An engaging story is all I need in a movie, simple as that. Director Connor Rickman’s The Whole Lot is not only engaging but goes down a rabbit hole that I, quite frankly, found incredibly uncomfortable at times.
The narrative begins with siblings Della (Sarah McLoney) and Jamie (Aaron Kramer) showing up at their recently deceased father’s place. Della was left as the sole heir and executor of their father’s estate, including his massive car collection. Arriving first is Della and her husband, Eli (Blake Webb), who await Jamie’s arrival. Eli is eager to sell the car collection, so the two can start living their dream, which includes an investment in an environmental business venture.
Della is anxious as this is her and Jamie’s first meeting in years. Jamie has been living off the grid, avoiding the family’s disappointment due to his long-time drug addiction. Once he shows up, Jamie quickly begins to assert himself, demanding he takes several of their father’s cars. Specifically, he’s aiming to gain possession of his father’s Porsche 911, which he claims has sentimental value. However, Eli is worried Jamie will squander the sale on drugs, plus that Porsche is essential for selling the entire collection.
Cinema, in general, is not short on stories of family dysfunction. What makes The Whole Lot so engaging is the performances from its cast and a clever story from screenwriter Matthew Ivan Bennett. This is a brutal story to tell, and the right actors are essential to ground it in a realistic way, particularly when a significant twist arrives to start the third act.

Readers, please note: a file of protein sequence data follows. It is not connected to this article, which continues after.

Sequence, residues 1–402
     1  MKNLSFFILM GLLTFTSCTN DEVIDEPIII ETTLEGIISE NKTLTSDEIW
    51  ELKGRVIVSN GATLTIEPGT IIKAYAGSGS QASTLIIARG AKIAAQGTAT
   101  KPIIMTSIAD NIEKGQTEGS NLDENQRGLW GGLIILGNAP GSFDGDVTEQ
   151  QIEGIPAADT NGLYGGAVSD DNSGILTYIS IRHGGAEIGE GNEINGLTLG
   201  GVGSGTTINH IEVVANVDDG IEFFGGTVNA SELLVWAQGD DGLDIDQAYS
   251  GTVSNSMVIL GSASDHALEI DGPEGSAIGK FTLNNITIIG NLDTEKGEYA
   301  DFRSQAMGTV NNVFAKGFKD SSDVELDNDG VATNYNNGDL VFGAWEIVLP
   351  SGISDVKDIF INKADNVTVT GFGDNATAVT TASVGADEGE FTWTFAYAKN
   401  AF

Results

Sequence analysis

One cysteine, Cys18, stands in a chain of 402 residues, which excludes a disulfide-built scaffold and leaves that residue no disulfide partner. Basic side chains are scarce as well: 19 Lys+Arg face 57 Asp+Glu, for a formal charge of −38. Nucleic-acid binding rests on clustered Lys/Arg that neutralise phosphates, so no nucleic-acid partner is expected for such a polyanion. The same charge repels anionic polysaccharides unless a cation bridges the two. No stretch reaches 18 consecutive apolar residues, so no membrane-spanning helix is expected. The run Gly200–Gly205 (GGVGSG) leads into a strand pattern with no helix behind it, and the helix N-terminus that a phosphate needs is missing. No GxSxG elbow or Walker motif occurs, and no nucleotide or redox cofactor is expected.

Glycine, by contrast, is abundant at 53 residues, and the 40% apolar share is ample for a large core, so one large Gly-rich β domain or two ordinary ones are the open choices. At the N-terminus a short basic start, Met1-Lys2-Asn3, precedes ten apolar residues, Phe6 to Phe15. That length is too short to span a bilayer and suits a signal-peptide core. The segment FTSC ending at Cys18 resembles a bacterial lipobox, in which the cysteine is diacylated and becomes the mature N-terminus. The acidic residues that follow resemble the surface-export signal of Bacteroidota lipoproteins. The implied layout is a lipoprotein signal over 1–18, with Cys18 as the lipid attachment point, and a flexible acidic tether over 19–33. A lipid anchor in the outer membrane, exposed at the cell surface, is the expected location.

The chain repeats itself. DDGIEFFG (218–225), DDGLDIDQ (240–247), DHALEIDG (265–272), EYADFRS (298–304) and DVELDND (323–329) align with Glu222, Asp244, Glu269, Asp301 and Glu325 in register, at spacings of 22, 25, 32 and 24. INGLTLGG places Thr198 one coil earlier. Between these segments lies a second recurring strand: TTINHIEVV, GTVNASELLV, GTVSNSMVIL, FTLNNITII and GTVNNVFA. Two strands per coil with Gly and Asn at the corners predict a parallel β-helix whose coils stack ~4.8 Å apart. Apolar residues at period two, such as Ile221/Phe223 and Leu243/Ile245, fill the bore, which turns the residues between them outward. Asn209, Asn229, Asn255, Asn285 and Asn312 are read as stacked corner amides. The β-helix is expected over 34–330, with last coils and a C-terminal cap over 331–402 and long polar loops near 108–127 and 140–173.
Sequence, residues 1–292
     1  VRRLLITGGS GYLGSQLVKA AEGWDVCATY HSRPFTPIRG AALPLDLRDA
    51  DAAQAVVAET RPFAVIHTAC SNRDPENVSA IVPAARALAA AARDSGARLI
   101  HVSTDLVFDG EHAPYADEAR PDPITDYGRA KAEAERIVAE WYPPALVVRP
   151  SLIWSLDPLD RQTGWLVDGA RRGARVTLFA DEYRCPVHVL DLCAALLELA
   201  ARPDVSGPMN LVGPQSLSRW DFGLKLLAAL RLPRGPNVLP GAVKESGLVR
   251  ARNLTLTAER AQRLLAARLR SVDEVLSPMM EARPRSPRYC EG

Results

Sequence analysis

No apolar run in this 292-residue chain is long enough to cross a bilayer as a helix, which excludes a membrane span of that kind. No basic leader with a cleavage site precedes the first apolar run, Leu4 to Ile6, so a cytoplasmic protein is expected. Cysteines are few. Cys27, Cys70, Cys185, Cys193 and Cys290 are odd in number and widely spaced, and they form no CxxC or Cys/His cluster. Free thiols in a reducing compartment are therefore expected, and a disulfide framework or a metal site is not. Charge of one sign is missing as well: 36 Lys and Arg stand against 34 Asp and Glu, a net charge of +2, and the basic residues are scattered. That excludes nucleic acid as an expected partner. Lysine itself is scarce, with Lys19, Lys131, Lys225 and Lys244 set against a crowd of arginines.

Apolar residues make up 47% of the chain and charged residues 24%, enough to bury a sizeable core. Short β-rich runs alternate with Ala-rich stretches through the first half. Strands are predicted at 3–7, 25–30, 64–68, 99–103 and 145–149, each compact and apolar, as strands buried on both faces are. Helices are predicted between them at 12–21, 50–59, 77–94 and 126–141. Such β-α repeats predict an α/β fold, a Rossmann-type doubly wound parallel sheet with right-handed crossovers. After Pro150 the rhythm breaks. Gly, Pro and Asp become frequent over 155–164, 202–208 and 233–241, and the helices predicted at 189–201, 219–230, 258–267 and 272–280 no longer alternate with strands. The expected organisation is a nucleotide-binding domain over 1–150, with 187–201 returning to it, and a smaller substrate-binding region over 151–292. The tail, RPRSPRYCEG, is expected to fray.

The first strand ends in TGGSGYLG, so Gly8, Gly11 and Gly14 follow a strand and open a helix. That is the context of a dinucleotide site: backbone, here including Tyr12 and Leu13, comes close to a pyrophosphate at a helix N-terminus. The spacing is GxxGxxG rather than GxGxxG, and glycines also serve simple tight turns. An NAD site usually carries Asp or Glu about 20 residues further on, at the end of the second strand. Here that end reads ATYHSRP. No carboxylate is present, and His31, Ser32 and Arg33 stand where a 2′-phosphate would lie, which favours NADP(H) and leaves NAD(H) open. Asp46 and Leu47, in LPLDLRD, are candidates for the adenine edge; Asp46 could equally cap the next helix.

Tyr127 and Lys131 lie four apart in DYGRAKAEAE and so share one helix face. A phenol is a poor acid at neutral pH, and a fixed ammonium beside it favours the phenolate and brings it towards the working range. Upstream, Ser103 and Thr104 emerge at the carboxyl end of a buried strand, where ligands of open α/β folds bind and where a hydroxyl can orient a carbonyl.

“…Jamie quickly begins to assert himself, demanding he takes several of his father’s cars.”
Kramer is almost too perfect as Jamie. I almost shut the drama off because I’ve met (and worked with) bullies like him in his terse attitude and aggressive threats. His ability to push the mild Eli to the point of violence is eerie. But we eventually see his vulnerable side in the quiet moments as a way to connect with him… then the twist arrives.
Eli is another interesting character. His obsession with selling the car collection already raises red flags, but he constantly makes several decisions and declarations that shift our allegiance to him. However, I’m still not sure whether he was right or wrong. McLoney makes it very easy for us to sympathize with her character’s situation, placing ourselves in her shoes. This is particularly so due to some of the decisions she must make regarding Jamie. The actor allows us to feel sorry for her when we see she’s being clearly manipulated… then the twist.
Yes, I’m harping on the twist of The Whole Lot. I can’t say anything about it other than you have to experience it. It will leave you stunned, questioning everyone and everything. Quite frankly, it will put people off, but I liked being thrown for a loop. It’s revealed in a slow, deliberate manner, and I had to process just how wrong it is and give myself permission to see the rest of the film to the end. I use the word “engaging” because I’m still thinking about this story.
Right or wrong, there’s something grand about movies that have you thinking about them long after the credits have run. Though I am not entirely sure how I feel about the ending, I must admire the sheer balls it takes to craft this kind of story. Kudos to The Whole Lot for being willing to go to a very dark place and still tell a family story.
The Whole Lot premiered at the 2022 Philadelphia Independent Film Festival.
"…will leave you stunned..."